The 1832 Georgia Lottery Surveys
Note: In the future, this page will contain historical information about the Roads and Trails in the area covered by this map. While it was the first U.S. Survey of North Georgia, it is also an important last look at the Georgia portion of the Cherokee Nation before it was consumed. Right now, however, this page is devoted to a description of how this map was created. This Project is very much a work in progress as we try to develop a format to integrate these early surveys into some kind of cohesive and useful whole. [at some later point, all this techno-talk will be moved out of the way to a Methods page]. If you'd like to skip the description of the methodology and get to the downloadable map files, click here.
Our first attempt was labor intensive, using the 1832 Georgia Lottery Survey Plats [catalogued below]. For plat placement, we had a general Georgia Land Lot Index of the various Sections and Districts [also visible on this historic 1838 map]. We used Google Earth ® to overlay the plats onto the modern 3D imagery, then refined the placement of each plat using the rivers, particularly the river branchings, until the plat fit the modern map. In a couple of cases [the Federal Road and the Unicoi Road], we could also use the known course of the road for our fitting. With the plats in place, we could trace the roads onto Google Earth ® precisely. It was often hard to see the geography on Google Earth®, so we added a layer of standard U.S.G.S. Topographic Quad Maps. As with our Trail Tree Project, we used Google Earth ® as our primary program because it's so easy to use, it's versatile, and because it's free [you can download it here]. Then we traced the marked roads as Google Earth ® paths.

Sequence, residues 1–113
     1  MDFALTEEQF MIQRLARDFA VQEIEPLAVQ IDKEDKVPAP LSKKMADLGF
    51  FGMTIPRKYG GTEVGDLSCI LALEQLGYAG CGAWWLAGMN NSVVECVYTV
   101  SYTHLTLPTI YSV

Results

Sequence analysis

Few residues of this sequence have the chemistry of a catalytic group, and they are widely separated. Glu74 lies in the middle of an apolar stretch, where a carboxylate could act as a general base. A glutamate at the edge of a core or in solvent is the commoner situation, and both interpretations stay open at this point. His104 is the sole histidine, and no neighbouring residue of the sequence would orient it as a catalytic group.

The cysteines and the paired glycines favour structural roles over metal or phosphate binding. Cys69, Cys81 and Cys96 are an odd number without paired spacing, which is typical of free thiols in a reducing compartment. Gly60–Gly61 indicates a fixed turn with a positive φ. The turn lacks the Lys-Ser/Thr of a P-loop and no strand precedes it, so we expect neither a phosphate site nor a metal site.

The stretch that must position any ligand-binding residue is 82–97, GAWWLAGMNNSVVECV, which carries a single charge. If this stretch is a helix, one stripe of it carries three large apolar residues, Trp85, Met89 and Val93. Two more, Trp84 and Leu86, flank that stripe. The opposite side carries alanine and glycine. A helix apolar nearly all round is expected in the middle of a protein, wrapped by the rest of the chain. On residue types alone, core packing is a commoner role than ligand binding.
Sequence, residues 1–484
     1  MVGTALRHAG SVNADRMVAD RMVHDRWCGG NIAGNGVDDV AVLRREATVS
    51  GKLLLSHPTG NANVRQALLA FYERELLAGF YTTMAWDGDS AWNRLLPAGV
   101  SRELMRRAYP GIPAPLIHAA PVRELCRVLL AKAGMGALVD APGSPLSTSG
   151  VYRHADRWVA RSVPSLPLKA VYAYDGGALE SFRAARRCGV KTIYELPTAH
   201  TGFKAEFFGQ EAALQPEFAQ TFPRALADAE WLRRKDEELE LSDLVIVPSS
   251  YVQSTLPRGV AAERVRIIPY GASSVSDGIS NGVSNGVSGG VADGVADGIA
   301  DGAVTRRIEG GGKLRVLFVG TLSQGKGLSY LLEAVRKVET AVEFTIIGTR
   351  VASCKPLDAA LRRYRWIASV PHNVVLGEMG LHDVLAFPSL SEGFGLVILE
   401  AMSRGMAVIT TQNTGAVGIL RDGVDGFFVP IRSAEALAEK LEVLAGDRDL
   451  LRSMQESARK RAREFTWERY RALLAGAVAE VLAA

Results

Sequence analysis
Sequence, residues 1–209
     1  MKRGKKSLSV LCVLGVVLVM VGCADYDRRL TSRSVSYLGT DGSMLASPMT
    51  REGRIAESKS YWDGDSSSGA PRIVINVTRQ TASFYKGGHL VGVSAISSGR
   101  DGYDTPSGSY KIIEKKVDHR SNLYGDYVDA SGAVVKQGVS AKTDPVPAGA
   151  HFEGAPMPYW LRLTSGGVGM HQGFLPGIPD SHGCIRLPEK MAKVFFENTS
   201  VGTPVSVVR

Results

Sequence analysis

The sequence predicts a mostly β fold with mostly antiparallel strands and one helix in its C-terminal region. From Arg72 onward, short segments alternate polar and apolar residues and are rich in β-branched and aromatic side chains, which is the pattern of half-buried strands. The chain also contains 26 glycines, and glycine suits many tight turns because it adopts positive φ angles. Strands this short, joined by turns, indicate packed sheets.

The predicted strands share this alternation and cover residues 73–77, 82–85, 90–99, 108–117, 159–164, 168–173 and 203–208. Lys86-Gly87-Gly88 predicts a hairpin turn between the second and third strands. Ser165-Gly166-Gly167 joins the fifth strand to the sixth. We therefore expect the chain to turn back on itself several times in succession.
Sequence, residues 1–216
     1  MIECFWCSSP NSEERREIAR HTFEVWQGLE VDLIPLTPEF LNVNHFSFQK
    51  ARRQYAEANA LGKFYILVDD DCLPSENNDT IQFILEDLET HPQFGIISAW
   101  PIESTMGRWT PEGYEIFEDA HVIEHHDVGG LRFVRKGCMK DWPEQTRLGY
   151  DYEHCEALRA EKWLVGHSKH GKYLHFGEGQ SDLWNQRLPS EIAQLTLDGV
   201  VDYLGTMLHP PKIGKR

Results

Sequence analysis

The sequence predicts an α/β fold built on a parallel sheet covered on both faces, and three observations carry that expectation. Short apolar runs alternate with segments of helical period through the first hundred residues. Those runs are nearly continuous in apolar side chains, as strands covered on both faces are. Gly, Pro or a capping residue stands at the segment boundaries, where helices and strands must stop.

Here are some screen captures of the process:
Here are the survey plats as overlays on Google Earth ® for a portion of the map [Forsyth County] with the Trails traced as Google Earth ® "paths." This is a screen shot of the same map with the plat overlay layer turned off showing the underlying topography. Next, we've taken the map file from Google Earth® [a KML file], and translated it into a text file that was then imported into the DeLorme Topo ® program. Finally, using the KML file and a slightly different format, we were able to import the data into the National Geographic Topo!® program [that uses the standard USGS Topographic Maps].